I specialise in doing up houses up to sell. That is fun and very satisfying. I don’t have a website apart from this one. The interesting part of my work is the people that I meet. If I won the lottery, I’d still work a few days a month. When you work in someone’s house you live with them (temporarily) and get to know them. Even if they don™t chat to me,  I quickly become a fly on the wall. It’s a wonderful way of learning new skills and ideas. Generally, like a hairdresser, people confide in me. I thought I knew all about ˜people™ before I started decorating.

    Working in a small community, There are just two rules. Never gossip and always respond to nasty comments about another client with the phrase
    “But they always say such good things about you.”

    A lot of my clients are older people with a wealth of experience and tips. I’m working in clover.


  4. I was tempted to share a couple of duckling stories here as I spent some of my youth in a house which backed onto a small river. However, I’m so very interested in your work. Would it be possible to have a post on it? Or, do you have a site we can visit?

  5. Ducks are really cool, i love just sitting by the edge of the pond and just watching them, i started of about a month ago with an aylesbury and a mallard type thing and then about three weeks ago we h ad new arrivals, a magpie drake and a silver appleyard female, the “wild ducks” still fly off when you get too close but are getting tamer. I hope to catch them one night and clip thier wings so they cannot flee anymore, but is it legal to catch and keep wild ducks?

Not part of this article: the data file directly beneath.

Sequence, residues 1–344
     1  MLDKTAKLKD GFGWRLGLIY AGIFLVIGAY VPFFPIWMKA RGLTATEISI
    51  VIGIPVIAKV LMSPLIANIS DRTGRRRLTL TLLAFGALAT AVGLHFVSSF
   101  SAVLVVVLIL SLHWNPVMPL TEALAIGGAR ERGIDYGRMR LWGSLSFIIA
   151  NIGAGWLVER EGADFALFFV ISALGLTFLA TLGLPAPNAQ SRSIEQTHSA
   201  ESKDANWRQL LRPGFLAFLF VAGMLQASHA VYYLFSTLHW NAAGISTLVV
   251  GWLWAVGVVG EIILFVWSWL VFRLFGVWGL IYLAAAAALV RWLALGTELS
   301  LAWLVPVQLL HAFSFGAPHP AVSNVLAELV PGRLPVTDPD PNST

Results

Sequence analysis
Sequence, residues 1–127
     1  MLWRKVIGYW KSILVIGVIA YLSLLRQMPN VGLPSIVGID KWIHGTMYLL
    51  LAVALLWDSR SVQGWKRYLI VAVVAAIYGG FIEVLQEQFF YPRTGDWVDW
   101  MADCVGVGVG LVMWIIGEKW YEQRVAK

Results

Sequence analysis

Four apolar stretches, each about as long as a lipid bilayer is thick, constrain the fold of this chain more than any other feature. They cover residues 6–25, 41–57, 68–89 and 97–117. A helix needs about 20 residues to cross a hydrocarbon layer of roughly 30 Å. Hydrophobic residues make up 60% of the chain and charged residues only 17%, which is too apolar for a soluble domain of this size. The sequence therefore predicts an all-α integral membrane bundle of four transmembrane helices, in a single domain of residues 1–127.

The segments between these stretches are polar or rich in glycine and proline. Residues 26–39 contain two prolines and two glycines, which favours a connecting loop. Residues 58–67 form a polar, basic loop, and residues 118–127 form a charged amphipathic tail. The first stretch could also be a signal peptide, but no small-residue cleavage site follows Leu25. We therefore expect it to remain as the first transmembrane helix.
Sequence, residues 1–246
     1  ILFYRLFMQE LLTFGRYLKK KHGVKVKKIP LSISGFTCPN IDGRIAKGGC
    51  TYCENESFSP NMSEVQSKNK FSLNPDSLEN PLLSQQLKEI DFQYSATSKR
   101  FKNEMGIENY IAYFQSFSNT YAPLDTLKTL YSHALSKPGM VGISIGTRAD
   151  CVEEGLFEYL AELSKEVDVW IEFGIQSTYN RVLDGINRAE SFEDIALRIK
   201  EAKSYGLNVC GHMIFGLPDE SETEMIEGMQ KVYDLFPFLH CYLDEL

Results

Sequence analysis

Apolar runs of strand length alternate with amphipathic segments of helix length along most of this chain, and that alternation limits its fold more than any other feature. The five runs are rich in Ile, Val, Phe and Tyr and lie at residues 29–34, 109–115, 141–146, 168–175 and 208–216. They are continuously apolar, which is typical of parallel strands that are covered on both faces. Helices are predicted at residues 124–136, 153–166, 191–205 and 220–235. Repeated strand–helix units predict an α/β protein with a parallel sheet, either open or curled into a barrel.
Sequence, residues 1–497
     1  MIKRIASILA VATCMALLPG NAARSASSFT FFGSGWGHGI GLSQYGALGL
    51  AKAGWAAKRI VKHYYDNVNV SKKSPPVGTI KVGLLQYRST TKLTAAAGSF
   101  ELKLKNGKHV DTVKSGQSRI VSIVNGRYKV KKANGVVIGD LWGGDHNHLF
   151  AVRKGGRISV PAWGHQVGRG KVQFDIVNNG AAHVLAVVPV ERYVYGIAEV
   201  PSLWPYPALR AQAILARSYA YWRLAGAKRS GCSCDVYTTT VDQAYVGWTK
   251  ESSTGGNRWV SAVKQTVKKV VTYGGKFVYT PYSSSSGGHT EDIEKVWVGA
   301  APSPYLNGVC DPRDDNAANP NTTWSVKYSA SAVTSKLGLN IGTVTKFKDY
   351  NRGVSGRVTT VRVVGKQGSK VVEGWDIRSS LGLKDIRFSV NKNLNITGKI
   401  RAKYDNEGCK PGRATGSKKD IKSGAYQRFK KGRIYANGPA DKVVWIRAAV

Anyways, there cute.


  6. magic cochin

    Oh – nature can be cruel 🙁 the survival of the fittest and all that!

    What a sweet little lead duck pond! Is it part of your collection?


  7. Louisa

    Oh that was lovely Fiona, but so sad at the end. I love watching little ducklings they’re such courageous little fellows.

  8. Nature is a cruel and heartless mother, I love ducks and like you the first moments of young life make my heart flip (except rats), sorry but rats and I just don’t get on).
    But when I saw one of my ewes reject it’s lamb and butt it against the wall, at that exact moment I really did hate her. Fortunately after much holding the ewe for the lamb to feed she did finally accept her lamb and is now a very good mother. But I am sure if we had not intervened that lamb would be dead.